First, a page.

A comparison is made between the cost of the program being pursuing and any family contribution. The level of support will also be determined by whether you will study full or part-time. And if you attend the full academic year.

There are over 5,400 schools that participate in this program, providing ample opportunities.

Applicants are expected to complete the Free Application for Federal Student Aid (FAFSA). The information they provide will help determine the amount of aid they get.

In FAFSA, applicants provide information such as:

  • Personal income (if independent)
  • Parents income and assets (if a dependent)
  • Percentage of net assets

Other parts of the assessment will vary depending on whether the applicant is independent or dependent.

Who Qualifies for A Pell Grant

Can a Felon Qualify for a Pell Grant Who

Aside from the requirements mentioned above, applicants must also meet federal student aid eligibility. This includes:

  • Being a U.S. citizen, or eligible non-citizen
  • Provide a valid social security number
  • Have graduated high school, or earned a G.E.D. certificate
  • Submit to selective service registration. This is required of males who must register if between the ages of 18-25.
  • Be already accepted into an eligible degree program as a regular student
  • Maintain satisfactory academic progress

When completing FAFSA, applicants should not be owing on any federal student loan or grant. This form must be completed every year you are in school to remain eligible for aid.

Under certain cases, you may qualify for additional aid. This can apply to students whose parent died in the line of duty while serving in the military. There is an age criterion and the parents must have died in Iraq or Afghanistan after 9/11.

Your eligibility may be recalculated or you may qualify for a different grant. Do consult with your financial aid office.

How Felons Can Secure a Pell Grant

Can a Felon Qualify for a Pell Grant How

To qualify for a Pell Grant, a felon must already be out of prison. You can however apply while still on the inside, if you will be out by the time school starts.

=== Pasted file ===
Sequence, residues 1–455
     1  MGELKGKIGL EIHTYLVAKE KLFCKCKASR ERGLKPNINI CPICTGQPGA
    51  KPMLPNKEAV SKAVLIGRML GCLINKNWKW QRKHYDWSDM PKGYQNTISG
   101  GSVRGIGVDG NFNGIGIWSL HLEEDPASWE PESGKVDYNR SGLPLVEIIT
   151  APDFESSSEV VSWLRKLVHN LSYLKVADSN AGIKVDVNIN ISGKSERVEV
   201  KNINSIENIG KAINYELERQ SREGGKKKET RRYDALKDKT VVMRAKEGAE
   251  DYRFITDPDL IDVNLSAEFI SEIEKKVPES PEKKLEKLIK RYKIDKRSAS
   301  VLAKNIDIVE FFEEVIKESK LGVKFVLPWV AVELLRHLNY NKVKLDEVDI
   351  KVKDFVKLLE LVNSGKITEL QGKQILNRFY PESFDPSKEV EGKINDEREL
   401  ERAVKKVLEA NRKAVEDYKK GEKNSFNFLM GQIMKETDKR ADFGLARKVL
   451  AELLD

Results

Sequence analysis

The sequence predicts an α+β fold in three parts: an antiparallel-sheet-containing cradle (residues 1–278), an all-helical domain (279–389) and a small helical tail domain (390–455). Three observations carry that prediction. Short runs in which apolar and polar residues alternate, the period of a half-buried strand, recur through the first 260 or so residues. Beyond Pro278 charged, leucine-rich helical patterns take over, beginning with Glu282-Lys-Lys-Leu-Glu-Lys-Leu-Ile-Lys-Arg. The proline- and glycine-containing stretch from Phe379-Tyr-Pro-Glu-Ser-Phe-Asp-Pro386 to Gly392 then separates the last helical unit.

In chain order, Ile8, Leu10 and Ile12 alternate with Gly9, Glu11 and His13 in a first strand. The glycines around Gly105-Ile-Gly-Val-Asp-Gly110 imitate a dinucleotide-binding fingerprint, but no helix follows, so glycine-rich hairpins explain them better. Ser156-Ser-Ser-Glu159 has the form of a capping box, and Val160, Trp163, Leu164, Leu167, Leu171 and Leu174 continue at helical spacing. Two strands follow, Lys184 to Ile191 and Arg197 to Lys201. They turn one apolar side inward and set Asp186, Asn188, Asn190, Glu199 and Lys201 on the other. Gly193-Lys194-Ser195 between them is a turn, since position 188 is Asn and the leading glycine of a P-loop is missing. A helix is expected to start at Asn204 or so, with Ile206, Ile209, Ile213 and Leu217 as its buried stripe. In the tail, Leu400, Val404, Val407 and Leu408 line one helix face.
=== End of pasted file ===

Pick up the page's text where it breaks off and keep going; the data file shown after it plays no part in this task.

As mentioned, some offenses are excluded from this benefit. Drug-related offenses will affect your eligibility. So too will forcible or non-forcible sexual offenses that resulted in involuntary civil commitment after imprisonment.

While there is no recourse for sexual offenses, there is some leeway with drug cases. Eligibility is suspended if the drug offenses took place while you received federal student aid.

It can however be regained by successfully joining and completing an approved drug rehab program. Alternatively, you can submit to 2 random drug tests administered by an approved drug rehab program.

Once you succeed, you can return to the financial aid office. They can then advise you on what aid you qualify for.

Conclusion

If for some reason you do not qualify or receive less aid than you need, search wider. There are many grants and scholarships out there.

The state and schools administer many such programs. You can also look up private grants and scholarships. Be sure to keep checking on available opportunities each year, as offers often change.

As a last resort, you can also consider taking a student loan. This may be a tough commitment. But if you are working towards a profitable career, simply consider it an investment in the future.

And, the earlier you get on with this the better. You can even start while still in prison. This ensures that you have the aid ready when it comes time to begin school.